Our local children’s librarian has again requested that I submit a list of suggested books for future library purchases.  Books that homeschooling families would find valuable.   Last year I asked them to add more simple biographies to the children’s collection and they did!  What an opportunity!  I’m looking through what we plan to study next year to make a nice long list of suggested titles, especially those ‘nice to have’ books that are beyond our budget.  The librarian’s request reminded me of this past blog post, so I thought I’d share it again.  Every time you visit the library, leave suggestions for books or other media.   Make maximum use of your library! 

 15 Ways to Make the Most of the Public Library

The local public library can be a homeschooling family’s best resource. Are you making maximum use of the libraries near you? Here are some ideas for utilizing the libraries in your area:

1.Don’t just go to your nearest library, make an effort to visit all of the libraries available to you in your area. Different amenities may be available at each location. Get cards from multiple libraries if necessary.

2.Call and inquire if the colleges and universities in your area will allow you to check out materials. Colleges with teacher education programs often have excellent educational materials . Even if you cannot have borrowing privileges, you can still stop by and use the resources in-house.

3.Contact your local school district about borrowing privileges in the school libraries.

4.Be sure to pick up fliers listing the resources and activities available at each library. What classes, story times, lecture series and tutoring programs are available?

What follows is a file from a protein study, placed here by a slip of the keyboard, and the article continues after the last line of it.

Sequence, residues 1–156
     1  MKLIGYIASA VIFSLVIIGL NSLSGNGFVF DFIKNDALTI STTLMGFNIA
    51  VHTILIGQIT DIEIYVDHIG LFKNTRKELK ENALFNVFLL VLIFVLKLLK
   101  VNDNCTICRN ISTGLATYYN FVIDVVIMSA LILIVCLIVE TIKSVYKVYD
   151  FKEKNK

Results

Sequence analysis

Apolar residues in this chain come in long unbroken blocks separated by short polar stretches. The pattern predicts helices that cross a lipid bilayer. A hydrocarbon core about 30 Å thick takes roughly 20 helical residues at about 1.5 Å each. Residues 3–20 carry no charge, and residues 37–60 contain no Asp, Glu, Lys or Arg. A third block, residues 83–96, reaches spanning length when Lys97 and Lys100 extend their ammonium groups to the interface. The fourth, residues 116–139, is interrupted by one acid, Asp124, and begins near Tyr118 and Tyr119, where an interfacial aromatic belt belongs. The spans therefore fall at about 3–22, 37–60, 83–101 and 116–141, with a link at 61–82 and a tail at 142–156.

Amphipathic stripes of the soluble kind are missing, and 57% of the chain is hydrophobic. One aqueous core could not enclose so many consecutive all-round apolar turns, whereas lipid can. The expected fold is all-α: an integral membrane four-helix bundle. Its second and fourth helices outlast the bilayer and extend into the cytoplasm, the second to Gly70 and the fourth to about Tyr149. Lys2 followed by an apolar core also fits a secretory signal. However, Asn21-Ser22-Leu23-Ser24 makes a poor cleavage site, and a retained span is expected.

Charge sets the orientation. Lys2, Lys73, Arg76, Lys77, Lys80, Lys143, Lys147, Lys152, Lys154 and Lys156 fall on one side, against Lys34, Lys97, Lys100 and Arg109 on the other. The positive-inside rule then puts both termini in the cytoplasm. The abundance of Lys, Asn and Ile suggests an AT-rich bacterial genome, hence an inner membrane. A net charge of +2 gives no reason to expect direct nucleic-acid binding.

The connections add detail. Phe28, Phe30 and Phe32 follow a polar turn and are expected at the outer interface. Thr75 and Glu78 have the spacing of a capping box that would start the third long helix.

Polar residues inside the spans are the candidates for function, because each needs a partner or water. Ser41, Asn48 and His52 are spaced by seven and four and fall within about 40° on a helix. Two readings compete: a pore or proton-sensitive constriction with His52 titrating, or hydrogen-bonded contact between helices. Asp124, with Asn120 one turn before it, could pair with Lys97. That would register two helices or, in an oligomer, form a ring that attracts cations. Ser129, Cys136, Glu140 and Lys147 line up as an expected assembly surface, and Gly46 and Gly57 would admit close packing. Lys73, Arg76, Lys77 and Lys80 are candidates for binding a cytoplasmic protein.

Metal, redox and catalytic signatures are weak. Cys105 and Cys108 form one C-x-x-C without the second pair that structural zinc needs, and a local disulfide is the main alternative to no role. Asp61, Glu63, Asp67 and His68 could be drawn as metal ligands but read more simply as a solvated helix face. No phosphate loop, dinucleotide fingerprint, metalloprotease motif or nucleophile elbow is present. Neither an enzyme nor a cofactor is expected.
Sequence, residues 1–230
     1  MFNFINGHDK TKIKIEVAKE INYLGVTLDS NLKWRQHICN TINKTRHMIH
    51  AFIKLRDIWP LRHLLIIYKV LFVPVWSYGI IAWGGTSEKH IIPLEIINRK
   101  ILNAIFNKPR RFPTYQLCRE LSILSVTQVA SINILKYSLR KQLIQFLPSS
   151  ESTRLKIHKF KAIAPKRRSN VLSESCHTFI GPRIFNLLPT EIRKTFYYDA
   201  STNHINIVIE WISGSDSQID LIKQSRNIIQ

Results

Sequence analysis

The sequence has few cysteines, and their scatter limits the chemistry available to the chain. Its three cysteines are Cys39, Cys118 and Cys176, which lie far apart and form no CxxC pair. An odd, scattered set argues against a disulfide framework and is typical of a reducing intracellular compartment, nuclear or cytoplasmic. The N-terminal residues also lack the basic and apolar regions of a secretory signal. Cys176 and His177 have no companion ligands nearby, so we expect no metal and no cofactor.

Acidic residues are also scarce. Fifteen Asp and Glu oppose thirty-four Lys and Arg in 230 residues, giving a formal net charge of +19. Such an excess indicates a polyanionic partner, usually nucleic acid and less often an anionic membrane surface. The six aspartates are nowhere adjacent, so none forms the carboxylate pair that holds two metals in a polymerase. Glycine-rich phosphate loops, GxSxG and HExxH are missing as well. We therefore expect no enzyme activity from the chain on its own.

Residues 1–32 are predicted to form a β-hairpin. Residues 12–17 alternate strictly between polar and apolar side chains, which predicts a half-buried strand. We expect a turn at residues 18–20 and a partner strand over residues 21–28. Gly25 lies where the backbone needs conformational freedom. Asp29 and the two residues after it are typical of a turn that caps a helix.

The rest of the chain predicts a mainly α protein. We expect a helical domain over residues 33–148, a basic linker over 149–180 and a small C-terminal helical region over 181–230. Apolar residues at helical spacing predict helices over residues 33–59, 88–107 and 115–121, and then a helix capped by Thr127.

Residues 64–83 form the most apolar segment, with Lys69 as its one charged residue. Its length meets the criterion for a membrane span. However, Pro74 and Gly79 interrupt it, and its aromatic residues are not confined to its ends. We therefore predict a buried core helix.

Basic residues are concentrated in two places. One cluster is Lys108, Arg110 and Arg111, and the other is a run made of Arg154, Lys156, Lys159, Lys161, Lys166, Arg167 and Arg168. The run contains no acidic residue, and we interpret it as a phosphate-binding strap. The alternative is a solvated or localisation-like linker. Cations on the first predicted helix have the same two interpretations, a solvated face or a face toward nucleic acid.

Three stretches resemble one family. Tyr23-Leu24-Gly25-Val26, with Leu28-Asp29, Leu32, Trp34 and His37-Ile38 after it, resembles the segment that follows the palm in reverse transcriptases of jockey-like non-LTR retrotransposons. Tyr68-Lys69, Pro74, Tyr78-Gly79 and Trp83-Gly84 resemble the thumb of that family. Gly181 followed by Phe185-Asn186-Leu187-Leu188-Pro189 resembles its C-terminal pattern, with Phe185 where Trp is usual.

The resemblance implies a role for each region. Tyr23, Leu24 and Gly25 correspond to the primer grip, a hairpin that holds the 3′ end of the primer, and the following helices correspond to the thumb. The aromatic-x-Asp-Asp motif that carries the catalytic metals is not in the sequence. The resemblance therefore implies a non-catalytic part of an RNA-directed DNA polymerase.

5.Take time to meet the children’s librarian as well as the reference librarian. These librarians are excellent resources for unit study ideas and research projects. They can alert you to resources that you may not know about. Share what you are planning to study for the year, and give the librarians a copy of the textbooks and literature selections you would like to use. Many times children’s and reference librarians are looking for ideas on new books to order, and your curriculum plans may help.

6.Take note of library book sales. Savvy homeschool moms will be there when the doors open to purchase books for mere pennies.

7.Check to see if your library offers inter-library loans for books and videos.

8.Do you have an e-book reader? Be sure to share your e-book requests with the librarians as well.

9.What online resources does your library offer? Online catalogs are very helpful for searching from the comfort of home. Can you renew your library books online? Does your library give out passwords for special online collections and sites? Many libraries have subscriptions to reference resources online. Be sure to ask for a list of those subscriptions.

10.If your library does not give receipts for books checked out, make it a habit to have your children complete a library book log to keep track of how many books to return. Assign a child to mark the due date on a calendar as soon as you return home.

11.Are there conference or meeting rooms available for you to reserve to work on a research project? A conference room may be a more comfortable space to work in if you are also bringing younger children along.

12.the library have display space available for larger homeschool projects? Perhaps your library may allow your child to display his science project for a week or two.

13.Are there special library privileges for teachers that you can also use, such as longer check-out dates, or sets of themed materials. It never hurts to ask!

14.Genealogical resource rooms are full of inspiration for great local and state history study. Be sure to go in and browse.

15.Are there library-related service projects available for your child to participate in? Creating a themed bulletin board, sorting books for a book sale, organizing display cases, etc.

Stack of Library Books